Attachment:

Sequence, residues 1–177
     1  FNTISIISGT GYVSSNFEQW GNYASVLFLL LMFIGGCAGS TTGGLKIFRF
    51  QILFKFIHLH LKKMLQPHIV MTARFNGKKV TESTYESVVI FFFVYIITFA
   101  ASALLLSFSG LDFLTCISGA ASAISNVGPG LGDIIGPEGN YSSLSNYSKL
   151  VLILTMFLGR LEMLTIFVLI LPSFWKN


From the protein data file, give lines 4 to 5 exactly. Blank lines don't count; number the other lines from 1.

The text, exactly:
   101  ASALLLSFSG LDFLTCISGA ASAISNVGPG LGDIIGPEGN YSSLSNYSKL
   151  VLILTMFLGR LEMLTIFVLI LPSFWKN